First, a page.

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Humanism and the Council of Florence, 1438-1439

Description: The study begins with the development of the nature and character of fifteenth century Italian humanism. It then proceeds to delineate the humanist methodological approach to three key areas; rhetoric, grammar, and historical criticism. Having thus laid this necessary foundation, the work examines selected portions of the debates of the council with regard to each of the three key areas, in order to ascertain whether or not a humanistic approach was utilized by the Latin participants in their argumentations. This investigation concludes that the Latin advocates of the council did indeed employ humanist methodology in both the preparation and presentation of their arguments in the debates. Therefore, such evidence strongly suggests that an appreciation and acceptance of the humanist approach to rhetoric, grammar, and textual criticism existed in the church in the early decades of the fifteenth century.
Date: December 1991
Creator: Swisher, Samuel J. (Samuel James)

Humanism in the Middle Ages: Peter Abailard and the Breakdown of Medieval Theology

Description: Abailard expanded Anselm's sola ratione methodology, and in so doing he anticipated Renaissance humanism. His theory of abstraction justified the use of dialectic in theology, and was the basis for his entire theological system. He distinguished faith from mere belief by the application of dialectic, and created a theology which focused on the individual. The Renaissance humanists emphasized individual moral edification, which was evident in their interest in rhetoric. Abailard anticipated these rhetorical concerns, focusing on the individual's moral life rather than on metaphysical arguments. His logical treatises developed a theory of language as a mediator between reality and the conceptual order, and this argument was further developed in Sic et non. Sic et non was more than a collection of contradictions; it was a comprehensive theory of language as an inexact picture of reality, which forced the individual to reach his own understanding of scripture. Abailard's development of the power of reason anticipated developments in the Renaissance.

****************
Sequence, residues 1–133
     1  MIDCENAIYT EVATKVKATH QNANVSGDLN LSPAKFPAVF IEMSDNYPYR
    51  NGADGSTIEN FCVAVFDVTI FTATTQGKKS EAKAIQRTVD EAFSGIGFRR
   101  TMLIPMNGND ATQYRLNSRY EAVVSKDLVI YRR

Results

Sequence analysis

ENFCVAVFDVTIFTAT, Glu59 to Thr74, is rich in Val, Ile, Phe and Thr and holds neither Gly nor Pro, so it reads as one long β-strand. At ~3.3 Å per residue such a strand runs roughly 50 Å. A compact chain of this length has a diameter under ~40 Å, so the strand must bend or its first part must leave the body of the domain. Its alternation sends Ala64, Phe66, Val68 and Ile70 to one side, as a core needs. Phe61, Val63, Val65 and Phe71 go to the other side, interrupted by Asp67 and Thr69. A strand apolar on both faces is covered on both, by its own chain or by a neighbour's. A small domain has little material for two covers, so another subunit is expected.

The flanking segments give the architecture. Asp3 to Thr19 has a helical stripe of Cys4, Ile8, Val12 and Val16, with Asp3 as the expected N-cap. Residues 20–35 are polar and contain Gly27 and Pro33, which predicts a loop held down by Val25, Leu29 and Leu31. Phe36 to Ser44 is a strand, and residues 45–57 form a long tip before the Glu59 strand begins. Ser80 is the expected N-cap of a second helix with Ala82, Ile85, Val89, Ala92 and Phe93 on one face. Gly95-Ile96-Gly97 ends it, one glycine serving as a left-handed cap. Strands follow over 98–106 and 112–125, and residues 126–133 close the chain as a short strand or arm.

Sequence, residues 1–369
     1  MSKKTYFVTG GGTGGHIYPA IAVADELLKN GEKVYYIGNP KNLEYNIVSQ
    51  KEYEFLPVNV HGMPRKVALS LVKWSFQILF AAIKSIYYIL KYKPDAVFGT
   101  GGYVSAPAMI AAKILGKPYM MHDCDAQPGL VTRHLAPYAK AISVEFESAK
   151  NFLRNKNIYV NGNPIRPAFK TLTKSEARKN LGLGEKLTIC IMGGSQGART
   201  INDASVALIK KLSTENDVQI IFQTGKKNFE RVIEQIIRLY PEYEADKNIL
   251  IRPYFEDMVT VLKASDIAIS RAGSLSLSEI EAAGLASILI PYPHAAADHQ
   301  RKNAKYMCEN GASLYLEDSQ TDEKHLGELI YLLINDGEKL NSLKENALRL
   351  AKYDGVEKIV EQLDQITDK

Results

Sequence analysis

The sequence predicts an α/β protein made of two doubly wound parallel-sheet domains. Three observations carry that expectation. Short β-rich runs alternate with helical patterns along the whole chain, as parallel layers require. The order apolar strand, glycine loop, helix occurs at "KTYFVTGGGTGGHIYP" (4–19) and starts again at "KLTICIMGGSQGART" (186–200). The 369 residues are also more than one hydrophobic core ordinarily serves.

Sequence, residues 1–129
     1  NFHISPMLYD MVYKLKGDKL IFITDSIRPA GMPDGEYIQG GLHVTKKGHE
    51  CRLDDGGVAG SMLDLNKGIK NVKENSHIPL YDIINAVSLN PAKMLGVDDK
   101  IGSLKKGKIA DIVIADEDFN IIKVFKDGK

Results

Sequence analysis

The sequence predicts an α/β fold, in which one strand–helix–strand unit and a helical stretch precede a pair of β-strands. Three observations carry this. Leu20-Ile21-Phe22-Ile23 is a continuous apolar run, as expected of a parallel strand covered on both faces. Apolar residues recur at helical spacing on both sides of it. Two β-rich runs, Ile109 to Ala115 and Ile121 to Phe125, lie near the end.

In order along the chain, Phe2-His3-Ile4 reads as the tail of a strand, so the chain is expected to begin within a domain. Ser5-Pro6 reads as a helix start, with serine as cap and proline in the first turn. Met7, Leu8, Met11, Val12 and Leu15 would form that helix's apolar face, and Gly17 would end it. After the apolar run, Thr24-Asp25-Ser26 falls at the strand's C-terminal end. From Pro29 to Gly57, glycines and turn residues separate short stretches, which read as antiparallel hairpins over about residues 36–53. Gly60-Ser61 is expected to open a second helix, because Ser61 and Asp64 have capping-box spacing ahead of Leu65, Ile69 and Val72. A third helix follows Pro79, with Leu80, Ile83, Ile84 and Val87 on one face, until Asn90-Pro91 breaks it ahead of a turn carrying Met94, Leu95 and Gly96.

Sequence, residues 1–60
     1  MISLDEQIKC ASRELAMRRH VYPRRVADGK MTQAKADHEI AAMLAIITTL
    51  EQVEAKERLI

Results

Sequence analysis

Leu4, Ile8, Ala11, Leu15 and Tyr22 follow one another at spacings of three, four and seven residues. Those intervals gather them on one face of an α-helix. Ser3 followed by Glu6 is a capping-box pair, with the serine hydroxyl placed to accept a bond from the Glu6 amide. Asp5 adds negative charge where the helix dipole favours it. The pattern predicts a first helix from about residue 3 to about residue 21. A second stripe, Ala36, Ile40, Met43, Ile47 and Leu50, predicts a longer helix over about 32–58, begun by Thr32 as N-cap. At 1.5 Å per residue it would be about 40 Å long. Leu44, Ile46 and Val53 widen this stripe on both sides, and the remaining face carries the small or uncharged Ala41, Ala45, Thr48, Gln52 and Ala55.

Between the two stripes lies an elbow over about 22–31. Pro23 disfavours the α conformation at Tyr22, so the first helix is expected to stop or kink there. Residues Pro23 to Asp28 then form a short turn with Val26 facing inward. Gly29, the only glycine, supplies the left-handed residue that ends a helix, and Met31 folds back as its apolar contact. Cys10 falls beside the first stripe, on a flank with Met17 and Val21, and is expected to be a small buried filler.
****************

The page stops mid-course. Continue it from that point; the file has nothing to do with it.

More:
Date: December 1991
Creator: Vess, Deborah L. (Deborah Lynn)

Luther the Augustinian: Augustine, Pelagianism and Luther's Philosophy of Man

Description: Augustine has had a large influence on the development of western theology, and nowhere is this more obvious that in Martin Luther's understanding of God, humankind and grace. Yet at the same time there are also significant differences in the two churchmen's thought. Sometimes these differences are subtle, such as their views of the state; other times they are not so subtle, such as their positions on free will or their praise of philosophy and its usefulness in sounding the depth of Christianity. In order to best explain these varying views, one must look at Augustine's and Luther's diverging opinions of man's nature where one will see that the dissimilarities are best understood in light of Luther's pessimistic view of humanity.
Date: August 1991
Creator: McGinnis, Jon D.

Class and Freedom of Choice in the Marriage Patterns of Antebellum Texas Women

Description: Little scholarly analysis has been devoted to the hypothesis that antebellum Texas women generally married within their own socioeconomic (slaveholding) class, and thus had only limited choice in the selection of marriage partners. This quantitatively based investigation suggests that the popular image should be carefully qualified. This study reveals that although a majority of Texas women who married during the early 1850s chose men who had the same slaveholding status, a significant minority crossed class lines. By using marriage records of the period in correlation with information gleaned from the census, conclusions were reached. Contemporary women's diaries, letters and reminiscences were investigated, in addition to a historiography of marriage in the South, which created the background for this study.
Date: December 1991
Creator: Brown, Lisa (Lisa Christina)

Humphrey Duke of Gloucester and the Introduction of Italian Humanism in Fifteenth Century England

Description: Duke Humphrey of Gloucester is often given credit for the renaissance of English learning in the fifteenth century. It is true that the donations of books he made to Oxford, his patronage of English and Italian writers, and his patronage of administrators who had humanist training resulted in the transmittal of humanist values to England. But is it also true that these accomplishments were mainly the by-product of his self-aggrandizing style, rather than a conscious effort on the duke's part to promote learning. The duke, however, does deserve recognition for what he unwittingly may have done.
Date: December 1991
Creator: Doyle, John F. (John Francis)